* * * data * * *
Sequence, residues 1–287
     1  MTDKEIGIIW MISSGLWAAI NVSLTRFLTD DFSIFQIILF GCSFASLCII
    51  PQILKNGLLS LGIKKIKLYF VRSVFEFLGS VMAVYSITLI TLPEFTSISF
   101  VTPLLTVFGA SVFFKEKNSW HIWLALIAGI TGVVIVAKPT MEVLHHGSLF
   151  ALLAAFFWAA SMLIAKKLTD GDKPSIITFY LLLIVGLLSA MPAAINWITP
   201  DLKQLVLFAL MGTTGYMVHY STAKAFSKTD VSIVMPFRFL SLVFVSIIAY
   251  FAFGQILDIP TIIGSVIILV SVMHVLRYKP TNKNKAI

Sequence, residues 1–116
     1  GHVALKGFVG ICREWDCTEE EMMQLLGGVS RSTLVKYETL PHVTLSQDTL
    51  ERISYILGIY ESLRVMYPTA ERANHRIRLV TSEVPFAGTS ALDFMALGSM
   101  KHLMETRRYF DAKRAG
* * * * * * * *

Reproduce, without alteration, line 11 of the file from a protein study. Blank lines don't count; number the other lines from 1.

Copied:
   101  KHLMETRRYF DAKRAG